-2 ( +4 / -6 )

Not sure about China, but north Korea's constitution is actually the most democratic in the world...on paper. Pity the lawyers and judges and press aren't independent amongst other things.

-2 ( +1 / -3 )

In reality, it's a monarchical dictatorship nominally communist. I don't want anyone thinking I was praising them. Just showing the dichotomy.

-1 ( +1 / -2 )

troublemakers ?

-3 ( +0 / -3 )

Christophobia is real.

Both in this message section and in China.

-3 ( +1 / -4 )

Why do Christian missionaries think they are above the law? Ask any Christian and they’ll say the Bible teaches to obey the law.

Let your yes be yes is another teaching I’ve heard. But asked what their purpose is in visiting the country, they’ll say to teach English. To a Christian missionary, partial truths is still truth

Then they ask you for money. It’s not enough that they break the law, they want you to fund their illegal activities

2 ( +4 / -2 )

Religions are like drugs. Only useful in limited amounts, if they cannot be avoided.

-1 ( +2 / -3 )

No freedom of religion, shameful.

-3 ( +0 / -3 )

All we know is that they were a missionary group, in most countries it would be the rated but we all know how paranoid China can be.

I believe Proselytism, especially those from foreign religious groups, is illegal in China, right?

There were reports of foreign Christian groups trying to convert Muslims in Xinjiang and China put at stop to that as well.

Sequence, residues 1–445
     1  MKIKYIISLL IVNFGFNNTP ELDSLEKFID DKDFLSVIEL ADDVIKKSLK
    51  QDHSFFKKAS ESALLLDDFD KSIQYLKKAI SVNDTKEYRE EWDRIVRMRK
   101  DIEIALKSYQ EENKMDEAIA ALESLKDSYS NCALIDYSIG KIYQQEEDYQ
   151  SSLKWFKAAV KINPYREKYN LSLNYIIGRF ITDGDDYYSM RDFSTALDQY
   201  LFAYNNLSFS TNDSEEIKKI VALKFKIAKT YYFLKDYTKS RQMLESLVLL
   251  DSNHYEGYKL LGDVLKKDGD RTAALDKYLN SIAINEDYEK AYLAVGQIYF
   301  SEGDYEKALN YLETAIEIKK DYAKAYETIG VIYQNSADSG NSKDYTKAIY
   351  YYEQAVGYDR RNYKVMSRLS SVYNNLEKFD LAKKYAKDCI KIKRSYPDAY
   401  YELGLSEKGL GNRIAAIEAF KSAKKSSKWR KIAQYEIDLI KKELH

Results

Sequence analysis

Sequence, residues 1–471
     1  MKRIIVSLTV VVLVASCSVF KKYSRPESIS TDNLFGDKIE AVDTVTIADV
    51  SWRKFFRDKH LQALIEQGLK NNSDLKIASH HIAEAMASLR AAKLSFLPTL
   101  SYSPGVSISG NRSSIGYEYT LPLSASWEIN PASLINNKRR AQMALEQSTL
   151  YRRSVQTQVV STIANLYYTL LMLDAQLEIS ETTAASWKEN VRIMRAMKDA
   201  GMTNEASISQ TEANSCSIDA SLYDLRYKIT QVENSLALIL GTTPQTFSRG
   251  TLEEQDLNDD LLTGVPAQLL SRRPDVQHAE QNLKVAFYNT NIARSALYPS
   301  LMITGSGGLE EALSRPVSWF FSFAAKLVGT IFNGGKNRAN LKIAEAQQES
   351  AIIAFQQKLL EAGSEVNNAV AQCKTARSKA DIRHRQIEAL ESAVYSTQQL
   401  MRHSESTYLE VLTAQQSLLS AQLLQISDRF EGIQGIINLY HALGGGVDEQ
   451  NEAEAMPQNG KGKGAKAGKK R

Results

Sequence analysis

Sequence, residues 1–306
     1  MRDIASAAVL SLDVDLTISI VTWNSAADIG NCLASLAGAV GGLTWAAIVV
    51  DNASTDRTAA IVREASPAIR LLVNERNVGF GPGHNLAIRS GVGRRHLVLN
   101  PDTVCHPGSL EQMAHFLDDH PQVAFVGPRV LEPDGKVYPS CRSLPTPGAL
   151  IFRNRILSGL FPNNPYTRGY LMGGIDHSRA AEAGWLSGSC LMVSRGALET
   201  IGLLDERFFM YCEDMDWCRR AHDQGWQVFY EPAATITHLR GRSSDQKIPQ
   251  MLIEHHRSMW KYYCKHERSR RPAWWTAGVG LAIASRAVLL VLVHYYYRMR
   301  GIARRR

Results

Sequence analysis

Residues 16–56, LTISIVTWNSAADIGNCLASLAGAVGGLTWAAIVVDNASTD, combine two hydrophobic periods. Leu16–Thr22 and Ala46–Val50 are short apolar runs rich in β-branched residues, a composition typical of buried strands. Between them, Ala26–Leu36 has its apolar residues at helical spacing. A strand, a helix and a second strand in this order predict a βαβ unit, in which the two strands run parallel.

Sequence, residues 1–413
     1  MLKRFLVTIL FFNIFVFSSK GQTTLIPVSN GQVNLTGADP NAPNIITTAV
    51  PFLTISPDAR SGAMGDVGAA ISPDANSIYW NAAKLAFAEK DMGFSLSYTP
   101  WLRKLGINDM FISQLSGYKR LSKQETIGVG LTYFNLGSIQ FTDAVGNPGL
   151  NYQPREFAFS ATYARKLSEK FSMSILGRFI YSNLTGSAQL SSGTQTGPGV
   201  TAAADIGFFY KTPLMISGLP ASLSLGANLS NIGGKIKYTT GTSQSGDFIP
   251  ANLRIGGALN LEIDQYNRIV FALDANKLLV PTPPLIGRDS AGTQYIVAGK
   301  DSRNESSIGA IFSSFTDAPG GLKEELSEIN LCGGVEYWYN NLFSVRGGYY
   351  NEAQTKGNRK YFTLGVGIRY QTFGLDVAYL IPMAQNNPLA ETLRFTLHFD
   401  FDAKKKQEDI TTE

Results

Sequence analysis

You should try to respect other countries laws when visiting.

1 ( +1 / -0 )

No freedom of religion, shameful.

But how far should freedom of religion go? Allowing circumcision of children, allowing action against apostates, allowing smoking of marijuana, etc.?

I'm interested to know more about these Japanese Christians. Why are they not doing their missionary work closer to home? There seem to be plenty of Japanese to convert. Maybe they're smart enough to recognize a lost cause.

@Ritsku, thanks for the links. Even if only partly true, it points to the madness of trying regulate a billion people from a central bureaucracy.

1 ( +2 / -1 )

I'm interested to know more about these Japanese Christians. Why are they not doing their missionary work closer to home?

My wife gave me a bit of a roasting for that comment. She pointed out that they may not have been missionaries, but perhaps just members of a Christian group in Japan visiting members of the same group in China. She said there have been similar situations with other religious groups.

3 ( +3 / -0 )